Judith Ormond returns to Black Bear, Pennsylvania after receiving a message telling her the Grandmother needs her. Her Grandmother Martha, has been battling a terminal illness for quite a while but didn’t want Judith informed. Judith returns after her demise and find Black Bear the oppressive and hostile community she left seventeen years ago, however there have been notable changes in the community in this time and Judith is forced to look at her own attitudes when dealing with ghosts of her past.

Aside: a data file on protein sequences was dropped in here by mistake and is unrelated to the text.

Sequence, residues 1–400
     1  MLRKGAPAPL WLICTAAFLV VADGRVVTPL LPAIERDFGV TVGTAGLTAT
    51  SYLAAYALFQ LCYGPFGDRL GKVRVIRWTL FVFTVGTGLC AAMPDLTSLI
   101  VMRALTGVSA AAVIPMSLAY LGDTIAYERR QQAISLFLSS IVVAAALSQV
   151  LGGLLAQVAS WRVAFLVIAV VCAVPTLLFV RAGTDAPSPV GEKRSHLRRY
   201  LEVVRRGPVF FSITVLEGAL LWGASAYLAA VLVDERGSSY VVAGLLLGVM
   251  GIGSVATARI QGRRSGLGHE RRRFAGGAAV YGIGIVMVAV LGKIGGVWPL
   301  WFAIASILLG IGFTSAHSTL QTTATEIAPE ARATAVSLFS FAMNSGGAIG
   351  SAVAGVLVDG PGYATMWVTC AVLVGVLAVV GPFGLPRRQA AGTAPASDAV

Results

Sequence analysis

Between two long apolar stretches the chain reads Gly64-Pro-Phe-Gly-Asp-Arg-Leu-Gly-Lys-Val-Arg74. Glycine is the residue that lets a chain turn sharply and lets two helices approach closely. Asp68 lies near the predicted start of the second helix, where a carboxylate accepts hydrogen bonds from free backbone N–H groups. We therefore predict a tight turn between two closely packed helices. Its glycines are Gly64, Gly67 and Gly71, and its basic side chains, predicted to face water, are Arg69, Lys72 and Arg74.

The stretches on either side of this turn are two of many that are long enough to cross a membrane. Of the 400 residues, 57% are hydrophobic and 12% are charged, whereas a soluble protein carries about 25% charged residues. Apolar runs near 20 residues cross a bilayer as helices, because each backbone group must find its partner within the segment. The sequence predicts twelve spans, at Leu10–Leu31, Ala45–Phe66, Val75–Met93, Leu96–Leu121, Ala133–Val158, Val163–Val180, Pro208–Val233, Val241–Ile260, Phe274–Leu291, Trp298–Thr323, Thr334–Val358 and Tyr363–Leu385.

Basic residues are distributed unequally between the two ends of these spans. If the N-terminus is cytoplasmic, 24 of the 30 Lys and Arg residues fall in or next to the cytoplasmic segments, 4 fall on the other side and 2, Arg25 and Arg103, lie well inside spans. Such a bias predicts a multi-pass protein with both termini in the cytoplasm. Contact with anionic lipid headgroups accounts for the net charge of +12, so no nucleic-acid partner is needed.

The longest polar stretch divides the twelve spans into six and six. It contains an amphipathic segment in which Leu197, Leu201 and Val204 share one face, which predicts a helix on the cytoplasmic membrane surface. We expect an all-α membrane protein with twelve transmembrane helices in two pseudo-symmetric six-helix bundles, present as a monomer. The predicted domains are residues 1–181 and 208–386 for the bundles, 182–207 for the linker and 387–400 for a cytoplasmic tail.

This hard-hitting and emotionally driven story of a girl who didn’t feel she ever fitted in, left me speechless. I could relate to the hurt, anger and frustration Judith harbours from childhood, the very same emotions which proliferate in her own psyche and limit her in ways she doesn’t realise until she is back in Black Bear. How many of us harbour same misconceptions, prejudices and fear? All in an effort to protect ourselves from our deepest fears but ultimately arming us with the same distrust we experience from others.
I loved this story because ultimately it allows for people and communities to have flaws but to work overall in the best interest of those living within. Another compelling story that resonated deeply with me from Sally Wiener Grotta; a master storyteller.